A gruesome discovery in a trash deposit at Jamestown points to cannibalism.
A forensic facial reconstruction of the 14-year-old victim of cannibalism at Jamestown during the winter of 1609.
Archaeologists have discovered the first physical evidence of cannibalism by desperate English colonists driven by hunger during the Starving Time of 1609-1610 at Jamestown, Virginia, the first permanent English settlement in the New World.
The announcement was made by a team of researchers from the Smithsonian Museum of Natural History, Historic Jamestowne, and the Colonial Williamsburg Foundation.
There are five historical accounts written by or about Jamestown colonists that reference cannibalism, but this is the first time it’s been proven, said William Kelso, director of archeology at Historic Jamestowne.
“This is a very rare find,” said James Horn, vice president of research for the Colonial Williamsburg Foundation. “It is the only artifactual evidence of cannibalism by Europeans at any European colony—Spanish, French, English, or Dutch—throughout the colonial period from about 1500 to 1800.”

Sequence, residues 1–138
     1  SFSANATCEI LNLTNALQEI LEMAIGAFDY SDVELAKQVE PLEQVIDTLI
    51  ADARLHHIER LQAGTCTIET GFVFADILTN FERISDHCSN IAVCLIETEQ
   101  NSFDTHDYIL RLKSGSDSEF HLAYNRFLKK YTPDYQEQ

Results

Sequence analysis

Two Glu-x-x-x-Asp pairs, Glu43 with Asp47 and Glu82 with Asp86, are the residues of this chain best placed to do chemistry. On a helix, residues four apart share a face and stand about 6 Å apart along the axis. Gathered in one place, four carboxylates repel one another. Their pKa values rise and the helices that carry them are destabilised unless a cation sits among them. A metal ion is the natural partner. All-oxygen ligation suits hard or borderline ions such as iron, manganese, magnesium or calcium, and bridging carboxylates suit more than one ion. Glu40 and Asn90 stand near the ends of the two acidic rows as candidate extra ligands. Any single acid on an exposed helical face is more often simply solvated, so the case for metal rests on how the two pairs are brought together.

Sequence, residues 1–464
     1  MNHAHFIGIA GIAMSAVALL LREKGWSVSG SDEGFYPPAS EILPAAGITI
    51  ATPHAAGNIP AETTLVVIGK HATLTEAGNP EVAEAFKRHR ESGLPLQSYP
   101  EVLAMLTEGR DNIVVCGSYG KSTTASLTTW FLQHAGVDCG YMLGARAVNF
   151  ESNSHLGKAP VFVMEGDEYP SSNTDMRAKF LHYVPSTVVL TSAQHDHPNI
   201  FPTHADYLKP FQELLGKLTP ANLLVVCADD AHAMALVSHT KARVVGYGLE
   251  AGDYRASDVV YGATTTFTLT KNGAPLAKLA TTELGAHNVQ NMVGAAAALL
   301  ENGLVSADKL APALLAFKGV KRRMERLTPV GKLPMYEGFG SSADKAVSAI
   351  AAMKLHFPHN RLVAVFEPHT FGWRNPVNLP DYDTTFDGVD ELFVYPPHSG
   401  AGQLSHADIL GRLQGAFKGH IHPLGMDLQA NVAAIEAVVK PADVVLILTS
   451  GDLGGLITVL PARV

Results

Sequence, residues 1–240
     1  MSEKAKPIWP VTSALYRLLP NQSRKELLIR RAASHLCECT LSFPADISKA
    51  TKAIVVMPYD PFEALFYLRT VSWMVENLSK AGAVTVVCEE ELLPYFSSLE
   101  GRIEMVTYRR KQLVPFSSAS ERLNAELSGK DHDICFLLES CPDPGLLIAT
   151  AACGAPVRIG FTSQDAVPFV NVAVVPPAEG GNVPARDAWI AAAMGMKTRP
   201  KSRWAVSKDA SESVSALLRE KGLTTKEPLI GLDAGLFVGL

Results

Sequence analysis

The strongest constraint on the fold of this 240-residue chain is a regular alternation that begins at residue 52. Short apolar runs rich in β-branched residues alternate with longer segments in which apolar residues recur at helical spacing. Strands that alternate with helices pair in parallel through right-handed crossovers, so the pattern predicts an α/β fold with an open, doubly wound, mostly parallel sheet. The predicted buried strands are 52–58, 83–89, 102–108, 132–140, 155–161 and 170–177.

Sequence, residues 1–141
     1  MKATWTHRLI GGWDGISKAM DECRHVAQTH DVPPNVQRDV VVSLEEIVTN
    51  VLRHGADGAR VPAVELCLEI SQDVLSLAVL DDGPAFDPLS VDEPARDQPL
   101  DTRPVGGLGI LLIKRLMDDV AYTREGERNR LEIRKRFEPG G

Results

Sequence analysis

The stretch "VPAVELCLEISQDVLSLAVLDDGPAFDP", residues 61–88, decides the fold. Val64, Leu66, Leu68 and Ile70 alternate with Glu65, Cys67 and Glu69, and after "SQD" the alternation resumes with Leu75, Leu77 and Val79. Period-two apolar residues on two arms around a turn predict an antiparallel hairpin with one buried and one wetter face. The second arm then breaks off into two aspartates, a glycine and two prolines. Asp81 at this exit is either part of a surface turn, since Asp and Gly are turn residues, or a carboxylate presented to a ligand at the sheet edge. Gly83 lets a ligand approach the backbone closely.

Portions of the butchered skull and shinbone of a 14-year-old girl from England, dubbed “Jane” by researchers, were unearthed by Jamestown archaeologists last year. They found the remains about 2.5 feet (0.8 meters) down in a 17th century trash deposit in the cellar of a building built in 1608 inside the James Fort site.
Kelso then asked Doug Owsley, head of physical anthropology at the Smithsonian’s National Museum of Natural History, to examine the remains and determine if she was killed or cannibalized.
Kelso said he hadn't believed previous historical accounts regarding cannibalism. He thought they were politically motivated, intended to discredit the Virginia Company—the stockholders who provisioned and financed the settlement.
"Now, I know the accounts are true," he said.